US jobs report, trade deal update, space DMs

Good morning, Quartz readers!

What to watch for today and over the weekend

Theresa May appeals to the EU. In a speech today, the UK prime minister will urge the bloc’s negotiators to agree to changes she proposed to a previously agreed Brexit deal, which the UK parliament will vote on next week. The EU has insisted that it will not rewrite the agreement, which British MPs rejected in a vote in January.

The US releases its February jobs report. The economy is expected to have added 180,000 jobs in February. That would be a big drop from the 304,000 added in January, but economists still think the labor market looks strong.

The SpaceX crew module splashes down. The spacecraft, which docked with the International Space Station last weekend, is due to land in Atlantic Ocean near Florida at approximately 8:45am EST on Saturday.

Suspense is low ahead of North Korea’s parliamentary elections.The rubber stamp legislature has extremely good odds for its approved candidates: Last time they secured exactly 100% of the vote on 99.97% turnout, according to authorities.

An anniversary looms in China. Sunday marks 60 years since the crushing of the Tibetan uprising against Chinese rule, which led to the Dalai Lama’s exile. Authorities have restricted travel by Tibetans and foreign tourists are also barred from the region for several weeks.

The world marks International Women’s Day. Celebrations and protests are planned across the globe today, with activists framing this year’s theme, the fight for a “gender-balanced world,” as a business issue. Only six countries worldwide have equal legal rights for women and men, according to the World Bank.

While you were sleeping

The US said a trade deal with China isn’t imminent. In an interview with the Wall Street Journal (paywall), US ambassador to China Terry Branstad said a meeting between Donald Trump and Xi Jinping was not yet in the works. Hopes that a deal was ready to be signed have buoyed global markets in the past week.

China’s exports fell 20% in February. The unexpectedly weak figures also showed China’s overall trade surplus at $4.1 billion, far short of the predicted $26.4 billion.

Paul Manafort’s sentencing sparked outrage. The 47-month sentence meted out to Trump’s former campaign manager for tax and bank fraud has been criticized by some as too lenient. Manafort faces sentencing in a separate case on two conspiracy charges next week.

The US House agreed to condemn all hate. A measure to condemn anti-Semitism, prompted by Democratic Minnesota lawmaker Ilhan Omar’s comments about pro-Israel lobbying, morphed into a broad resolution that reflected both Democrats’ values and divisions.

Venezuela was hit by a massive power outage. The blackout struck across the nation, beginning at rush hour yesterday and continuing into the early hours of this morning. The government directed blame at the US, calling it an “electrical war” orchestrated by right-wing extremists.

Germany got off to a slow start. Europe’s largest economy saw its steepest drop in industrial orders in seven months in January, with contracts for goods dipping by 2.6%. Concerns over a slowdown in major economies like Germany prompted the OECD earlier this week to once again cut its global growth forecast.

Finland’s prime minister resigned. Following the failure of its proposed healthcare reform, the center-right government collapsed just a month before general elections. Finland’s rapidly aging population has been the topic of reform for decades, but changes have been slow to come.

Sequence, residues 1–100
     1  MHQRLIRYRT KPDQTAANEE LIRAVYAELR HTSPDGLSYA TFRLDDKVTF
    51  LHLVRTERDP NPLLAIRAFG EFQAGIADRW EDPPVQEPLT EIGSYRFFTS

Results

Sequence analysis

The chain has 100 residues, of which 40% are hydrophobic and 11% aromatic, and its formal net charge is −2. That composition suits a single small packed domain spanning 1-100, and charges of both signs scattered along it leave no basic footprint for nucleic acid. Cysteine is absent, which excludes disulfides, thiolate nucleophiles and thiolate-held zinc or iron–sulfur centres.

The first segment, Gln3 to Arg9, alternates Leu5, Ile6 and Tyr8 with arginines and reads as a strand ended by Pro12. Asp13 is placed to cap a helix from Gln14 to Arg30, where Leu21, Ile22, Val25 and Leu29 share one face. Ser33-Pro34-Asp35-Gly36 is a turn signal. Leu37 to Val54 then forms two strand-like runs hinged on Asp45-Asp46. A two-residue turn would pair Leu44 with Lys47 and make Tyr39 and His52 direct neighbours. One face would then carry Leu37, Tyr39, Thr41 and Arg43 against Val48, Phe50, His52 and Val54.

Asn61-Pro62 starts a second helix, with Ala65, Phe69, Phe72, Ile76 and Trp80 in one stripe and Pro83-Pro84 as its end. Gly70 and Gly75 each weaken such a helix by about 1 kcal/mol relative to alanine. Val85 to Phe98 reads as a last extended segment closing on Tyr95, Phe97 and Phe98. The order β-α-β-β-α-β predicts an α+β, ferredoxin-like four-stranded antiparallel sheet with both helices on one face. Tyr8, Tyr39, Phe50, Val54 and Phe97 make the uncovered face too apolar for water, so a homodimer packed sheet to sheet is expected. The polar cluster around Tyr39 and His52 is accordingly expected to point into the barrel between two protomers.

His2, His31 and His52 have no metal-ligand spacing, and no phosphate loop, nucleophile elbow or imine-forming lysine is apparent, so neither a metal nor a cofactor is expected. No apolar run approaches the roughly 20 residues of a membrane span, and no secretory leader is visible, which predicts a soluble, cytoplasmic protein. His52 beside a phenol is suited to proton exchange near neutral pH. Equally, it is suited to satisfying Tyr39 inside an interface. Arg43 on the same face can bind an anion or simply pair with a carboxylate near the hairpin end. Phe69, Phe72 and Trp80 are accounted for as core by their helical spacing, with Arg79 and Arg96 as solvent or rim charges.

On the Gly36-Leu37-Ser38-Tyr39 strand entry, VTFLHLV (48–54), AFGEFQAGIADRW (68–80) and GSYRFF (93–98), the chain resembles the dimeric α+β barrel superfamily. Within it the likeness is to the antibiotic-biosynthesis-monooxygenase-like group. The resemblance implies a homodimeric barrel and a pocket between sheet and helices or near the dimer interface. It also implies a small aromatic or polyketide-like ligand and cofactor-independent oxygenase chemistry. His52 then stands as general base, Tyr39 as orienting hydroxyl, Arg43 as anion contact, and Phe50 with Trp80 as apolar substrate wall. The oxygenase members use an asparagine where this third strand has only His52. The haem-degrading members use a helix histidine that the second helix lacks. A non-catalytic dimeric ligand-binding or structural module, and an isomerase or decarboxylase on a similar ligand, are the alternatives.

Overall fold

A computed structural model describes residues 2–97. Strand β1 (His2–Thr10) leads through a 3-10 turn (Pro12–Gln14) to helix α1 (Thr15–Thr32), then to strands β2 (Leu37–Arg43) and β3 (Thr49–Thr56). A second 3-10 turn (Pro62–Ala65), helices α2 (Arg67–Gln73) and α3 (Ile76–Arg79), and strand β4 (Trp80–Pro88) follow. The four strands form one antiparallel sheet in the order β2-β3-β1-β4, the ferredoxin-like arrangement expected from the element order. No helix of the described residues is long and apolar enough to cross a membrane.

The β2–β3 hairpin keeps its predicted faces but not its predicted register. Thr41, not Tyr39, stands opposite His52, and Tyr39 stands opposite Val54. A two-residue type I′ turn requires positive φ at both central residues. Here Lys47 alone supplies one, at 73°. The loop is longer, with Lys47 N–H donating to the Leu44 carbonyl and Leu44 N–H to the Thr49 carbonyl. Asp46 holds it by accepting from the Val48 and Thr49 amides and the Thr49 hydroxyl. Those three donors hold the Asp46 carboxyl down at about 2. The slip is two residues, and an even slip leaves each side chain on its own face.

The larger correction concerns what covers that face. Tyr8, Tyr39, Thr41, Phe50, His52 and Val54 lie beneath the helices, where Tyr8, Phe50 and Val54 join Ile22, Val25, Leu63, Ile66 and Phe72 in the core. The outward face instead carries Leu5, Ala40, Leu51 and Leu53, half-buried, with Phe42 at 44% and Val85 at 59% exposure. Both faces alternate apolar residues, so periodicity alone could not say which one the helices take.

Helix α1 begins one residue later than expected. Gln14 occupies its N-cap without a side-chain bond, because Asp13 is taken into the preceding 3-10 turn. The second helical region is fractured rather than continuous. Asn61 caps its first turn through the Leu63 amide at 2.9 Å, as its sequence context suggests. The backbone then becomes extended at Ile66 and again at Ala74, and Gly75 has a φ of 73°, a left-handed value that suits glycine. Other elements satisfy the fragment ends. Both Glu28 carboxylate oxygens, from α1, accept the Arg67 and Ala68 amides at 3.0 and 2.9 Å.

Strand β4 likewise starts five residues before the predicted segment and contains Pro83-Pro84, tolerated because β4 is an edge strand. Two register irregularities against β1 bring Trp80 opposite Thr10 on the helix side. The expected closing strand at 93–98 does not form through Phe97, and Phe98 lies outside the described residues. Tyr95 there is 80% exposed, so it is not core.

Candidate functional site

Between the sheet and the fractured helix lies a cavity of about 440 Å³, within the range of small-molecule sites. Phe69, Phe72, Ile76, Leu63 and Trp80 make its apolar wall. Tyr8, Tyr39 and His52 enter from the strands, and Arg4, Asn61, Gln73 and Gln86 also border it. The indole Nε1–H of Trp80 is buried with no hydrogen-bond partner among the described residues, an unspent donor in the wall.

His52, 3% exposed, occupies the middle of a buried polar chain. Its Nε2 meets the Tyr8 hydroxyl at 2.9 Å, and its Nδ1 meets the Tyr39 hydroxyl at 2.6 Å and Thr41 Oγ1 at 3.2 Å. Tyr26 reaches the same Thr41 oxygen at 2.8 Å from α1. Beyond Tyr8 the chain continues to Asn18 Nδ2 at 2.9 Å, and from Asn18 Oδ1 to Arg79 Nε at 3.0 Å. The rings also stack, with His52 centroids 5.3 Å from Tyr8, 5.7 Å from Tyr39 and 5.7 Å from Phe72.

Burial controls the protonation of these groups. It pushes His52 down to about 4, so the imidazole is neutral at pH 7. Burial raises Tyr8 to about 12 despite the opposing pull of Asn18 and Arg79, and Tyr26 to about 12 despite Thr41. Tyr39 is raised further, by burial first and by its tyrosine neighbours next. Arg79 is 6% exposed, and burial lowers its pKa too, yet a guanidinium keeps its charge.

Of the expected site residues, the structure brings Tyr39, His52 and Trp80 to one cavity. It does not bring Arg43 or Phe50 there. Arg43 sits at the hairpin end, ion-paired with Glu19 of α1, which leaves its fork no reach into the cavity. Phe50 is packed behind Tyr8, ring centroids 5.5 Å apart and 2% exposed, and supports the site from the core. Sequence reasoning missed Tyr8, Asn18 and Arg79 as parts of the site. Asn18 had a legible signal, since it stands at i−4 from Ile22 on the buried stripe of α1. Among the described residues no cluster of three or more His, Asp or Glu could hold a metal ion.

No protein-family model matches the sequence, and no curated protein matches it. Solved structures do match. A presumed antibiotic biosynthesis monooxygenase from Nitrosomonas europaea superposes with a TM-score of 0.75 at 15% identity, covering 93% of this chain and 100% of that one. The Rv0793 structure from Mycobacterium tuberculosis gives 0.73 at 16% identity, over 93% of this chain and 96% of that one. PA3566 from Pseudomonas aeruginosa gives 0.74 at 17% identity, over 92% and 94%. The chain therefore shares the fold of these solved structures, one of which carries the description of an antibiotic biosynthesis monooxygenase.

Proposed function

We’re closing out our Brexit coverage this week with our toolkit full of resources (and comedy!) about the UK/EU separation, and a photo essay profiling a key player in the ongoing geopolitical negotiations: stalwart protester Mr. Stop Brexit. Our new Consummate Consumer feature reveals the credit cards that are the most rewarding for different types of consumers.

Quartz Obsession

Toilet paper: For some bathroom reading, consider that Americans’ taste for luxury TP consumes a lot of trees. Virgin wood pulp has longer fibers than recycled-paper pulp, so it makes fluffier paper, but at a heavy environmental cost. Bidet manufacturers hope to eventually cross the streams of wellness and environmentalism. Meanwhile, the American fondness for TP is rolling across China and India. Sit for a spell with the Quartz Obsession.

Matters of debate

Join the conversation with the new Quartz app!

The world is stuck with English. It would take an enormous global effort to switch to another lingua franca.

“Be yourself” is terrible advice. It’s an empty self-help mandate.

Psychedelics are the new gluten-free. Gwyneth Paltrow thinks tripping for wellness is the next big thing.

Surprising discoveries

The British royal family is being trolled by racists. Abuse aimed at Meghan Markle since her marriage to Prince Harry has led to new protocols on royal social media channels.

The rain in Greenland falls mainly on the ice sheet—and it shouldn’t. Unseasonal rain from warming winters is accelerating ice melt.

Residents of a Paris street want to shut out Instagrammers. They can’t stand the hordes of tourists hunting for the perfect ’gram.

Xi Jinping’s graying locks are a radical act. China’s Communist leaders have traditionally appeared in public with perfectly black hair, symbolizing youthfulness and unity.

Hey space, U up? For a nominal fee, Blockstream will send your message into space via satellite, for other civilizations to receive…and be utterly confused by.

Our best wishes for a productive day. Please send any news, comments, gray hair strategies, and self-help advice to Join the next chapter of Quartz by downloading our app and becoming a member. Today’s Daily Brief was written by Amanda Shendruk and edited by Jackie Bischof.